Baltimore Chromium Residue Cleanup

Harbor Point

Honeywell is proud to have worked with the State of Maryland, Baltimore City, the U.S. Environmental Protection Agency, the Maryland Department of the Environment, H&S Properties Development Corporation, and Beatty Development in helping turn an extraordinary vision into a reality - Harbor Point. Located on the waterfront west of Fells Point, the site is the last substantive undeveloped stretch of land on Baltimore's Inner Harbor.

Phase 1 of Harbor Point included the Thames Street Wharf office building, Baltimore headquarters for Morgan Stanley, which was the first building to open in 2010. Phase 1 also included the Exelon Building, which houses the headquarters for Exelon's Constellation business unit plus Exelon's trading floor.

Construction of the Exelon Tower was celebrated at a ceremony in late February 2015 that included Baltimore City Mayor Stephanie Rawlings-Blake; federal, state, and local officials; Exelon's CEO, and Honeywell's Vice President of Global Real Estate. It was Honeywell's extensive environmental cleanup of the 27-acre site, under the supervision of federal and state environmental regulators, which paved the way for Harbor Point. The project demonstrates that former manufacturing sites can be reclaimed for productive use, resulting in new jobs and community opportunities.

Mayor Rawlings-Blake and Michael Beatty join from left to right: Robert E. Greaves, Associate Director, Environmental Protection Agency (EPA); Sharon Pinder, Director, Baltimore Mayor's Office of Minority and Women-Owned Business Development; Michael Gill, Secretary of Maryland Department of Business & Economic Development; Honeywell's Rick Kriva; Barnett Carroll, President, Aegis Mechanical Corporation; Ben Grumbles, Acting Secretary, Maryland Department of the Environment (MDE); and Exelon President and CEO Chris Crane.

The new Exelon Headquarters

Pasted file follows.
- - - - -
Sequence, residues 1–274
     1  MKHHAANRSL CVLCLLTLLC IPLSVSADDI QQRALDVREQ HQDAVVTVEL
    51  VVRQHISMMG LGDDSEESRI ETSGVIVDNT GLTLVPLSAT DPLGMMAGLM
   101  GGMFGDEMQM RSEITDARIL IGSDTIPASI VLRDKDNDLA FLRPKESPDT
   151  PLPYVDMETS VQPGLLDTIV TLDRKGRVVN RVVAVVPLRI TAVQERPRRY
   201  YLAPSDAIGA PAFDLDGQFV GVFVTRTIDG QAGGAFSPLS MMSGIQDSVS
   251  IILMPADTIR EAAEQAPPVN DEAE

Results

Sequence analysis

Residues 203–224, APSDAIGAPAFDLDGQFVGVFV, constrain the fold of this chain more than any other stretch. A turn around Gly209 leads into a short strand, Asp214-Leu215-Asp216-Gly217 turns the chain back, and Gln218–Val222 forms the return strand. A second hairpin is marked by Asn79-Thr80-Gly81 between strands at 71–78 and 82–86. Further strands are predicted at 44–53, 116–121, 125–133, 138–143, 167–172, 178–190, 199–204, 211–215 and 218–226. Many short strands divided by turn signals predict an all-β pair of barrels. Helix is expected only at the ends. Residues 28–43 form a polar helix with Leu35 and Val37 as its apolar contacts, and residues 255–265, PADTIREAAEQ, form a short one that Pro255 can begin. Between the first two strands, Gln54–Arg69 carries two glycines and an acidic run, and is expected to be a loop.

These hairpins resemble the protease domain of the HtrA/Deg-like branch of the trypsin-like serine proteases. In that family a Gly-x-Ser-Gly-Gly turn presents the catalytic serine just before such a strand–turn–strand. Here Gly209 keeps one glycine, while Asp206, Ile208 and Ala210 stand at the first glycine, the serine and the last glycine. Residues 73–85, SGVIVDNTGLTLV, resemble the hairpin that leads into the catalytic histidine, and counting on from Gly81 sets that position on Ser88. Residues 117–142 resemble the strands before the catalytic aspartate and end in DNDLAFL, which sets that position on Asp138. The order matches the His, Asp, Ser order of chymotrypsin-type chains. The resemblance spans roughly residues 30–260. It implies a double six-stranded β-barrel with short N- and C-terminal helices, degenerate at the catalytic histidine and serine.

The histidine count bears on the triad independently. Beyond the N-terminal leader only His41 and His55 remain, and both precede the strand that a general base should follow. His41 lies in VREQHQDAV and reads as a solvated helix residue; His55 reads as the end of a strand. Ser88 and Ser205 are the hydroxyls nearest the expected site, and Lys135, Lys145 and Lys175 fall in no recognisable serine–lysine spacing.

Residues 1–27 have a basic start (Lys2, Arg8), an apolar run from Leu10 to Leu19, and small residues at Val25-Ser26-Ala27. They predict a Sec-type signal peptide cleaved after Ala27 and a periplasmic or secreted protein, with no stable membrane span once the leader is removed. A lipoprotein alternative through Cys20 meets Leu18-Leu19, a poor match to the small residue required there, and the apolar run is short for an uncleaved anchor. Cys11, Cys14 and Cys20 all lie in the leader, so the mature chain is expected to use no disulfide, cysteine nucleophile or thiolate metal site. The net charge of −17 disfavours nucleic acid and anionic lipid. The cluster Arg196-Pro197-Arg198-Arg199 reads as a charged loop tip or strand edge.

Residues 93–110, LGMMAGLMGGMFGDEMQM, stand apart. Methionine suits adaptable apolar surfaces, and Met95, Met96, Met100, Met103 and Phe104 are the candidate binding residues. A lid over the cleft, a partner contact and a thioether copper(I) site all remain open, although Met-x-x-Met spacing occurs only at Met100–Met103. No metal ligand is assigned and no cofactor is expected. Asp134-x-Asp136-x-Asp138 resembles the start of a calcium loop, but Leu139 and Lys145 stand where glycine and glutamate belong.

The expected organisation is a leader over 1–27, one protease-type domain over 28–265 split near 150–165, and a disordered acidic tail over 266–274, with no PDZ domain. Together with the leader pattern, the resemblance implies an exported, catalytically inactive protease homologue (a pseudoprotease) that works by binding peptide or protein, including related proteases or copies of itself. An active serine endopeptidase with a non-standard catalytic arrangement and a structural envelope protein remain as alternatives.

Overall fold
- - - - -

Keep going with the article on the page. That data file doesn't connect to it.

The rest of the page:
In addition to the Exelon Building, the Thames Street Wharf, 1405 Point Apartments, and Wills Wharf, plans include additional office, retail, residential, parking and hotel space, as well as 9.5 acres of open green space and a public waterfront promenade. The estimated more than $1 billion project is expected to generate an estimated 7,175 construction jobs and 6,611 permanent jobs. (Source: Baltimore Development Corp., June 2013).


Beginning in 1845, the site at 1348 Block Street near historic Fells Point in Baltimore was home to a chrome ore processing and manufacturing facility owned and operated by the Mutual Chemical Company until 1954 when Mutual was acquired by Allied Chemical. In 1985 operations at the plant ceased.

The history of chrome ore processing on the site left many of the industrial buildings on the site contaminated with chromium. The soil and ground water under the site were also contaminated. Environmental studies conducted in the 1980s confirmed that chromium from the site was polluting the surrounding waters.

In 1989, the U.S. Environmental Protection Agency (EPA), the Maryland Department of the Environment (MDE) and AlliedSignal (Allied Chemical's successor company and Honeywell's predecessor) entered into a Consent Decree to clean up the site. The consent decree required a remedy that permanently contained potentially hazardous contamination within the site, eliminated human and animal contact with the contamination, and prevented further contamination of surrounding soils, surface and groundwater. Honeywell completed the project in 1999.

Rendering of Harbor Point

Honeywell engaged in consultation with area residents, city and state regulators, and private developers. The first Planned Urban Development (PUD) for the property was passed in 1993 while remediation was still underway. Mixed commercial, retail, residential and recreational uses are planned within the PUD.